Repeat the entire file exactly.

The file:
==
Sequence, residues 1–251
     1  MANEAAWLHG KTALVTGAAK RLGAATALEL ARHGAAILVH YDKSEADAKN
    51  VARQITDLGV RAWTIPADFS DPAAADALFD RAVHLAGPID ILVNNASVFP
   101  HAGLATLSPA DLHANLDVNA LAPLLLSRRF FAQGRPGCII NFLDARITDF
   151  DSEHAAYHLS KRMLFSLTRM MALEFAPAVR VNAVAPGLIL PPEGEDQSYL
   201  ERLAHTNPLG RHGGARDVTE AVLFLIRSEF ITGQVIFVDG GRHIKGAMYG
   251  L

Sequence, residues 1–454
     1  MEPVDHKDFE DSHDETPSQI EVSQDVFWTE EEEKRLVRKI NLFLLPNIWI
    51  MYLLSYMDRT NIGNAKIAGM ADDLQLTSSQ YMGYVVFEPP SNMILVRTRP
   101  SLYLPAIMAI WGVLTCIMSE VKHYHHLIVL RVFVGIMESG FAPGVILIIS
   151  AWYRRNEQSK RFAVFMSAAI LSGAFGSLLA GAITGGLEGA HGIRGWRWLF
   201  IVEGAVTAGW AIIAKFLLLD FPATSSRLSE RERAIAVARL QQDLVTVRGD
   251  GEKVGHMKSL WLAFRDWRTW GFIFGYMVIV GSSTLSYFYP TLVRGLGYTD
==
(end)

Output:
Sequence, residues 1–251
     1  MANEAAWLHG KTALVTGAAK RLGAATALEL ARHGAAILVH YDKSEADAKN
    51  VARQITDLGV RAWTIPADFS DPAAADALFD RAVHLAGPID ILVNNASVFP
   101  HAGLATLSPA DLHANLDVNA LAPLLLSRRF FAQGRPGCII NFLDARITDF
   151  DSEHAAYHLS KRMLFSLTRM MALEFAPAVR VNAVAPGLIL PPEGEDQSYL
   201  ERLAHTNPLG RHGGARDVTE AVLFLIRSEF ITGQVIFVDG GRHIKGAMYG
   251  L

Sequence, residues 1–454
     1  MEPVDHKDFE DSHDETPSQI EVSQDVFWTE EEEKRLVRKI NLFLLPNIWI
    51  MYLLSYMDRT NIGNAKIAGM ADDLQLTSSQ YMGYVVFEPP SNMILVRTRP
   101  SLYLPAIMAI WGVLTCIMSE VKHYHHLIVL RVFVGIMESG FAPGVILIIS
   151  AWYRRNEQSK RFAVFMSAAI LSGAFGSLLA GAITGGLEGA HGIRGWRWLF
   201  IVEGAVTAGW AIIAKFLLLD FPATSSRLSE RERAIAVARL QQDLVTVRGD
   251  GEKVGHMKSL WLAFRDWRTW GFIFGYMVIV GSSTLSYFYP TLVRGLGYTD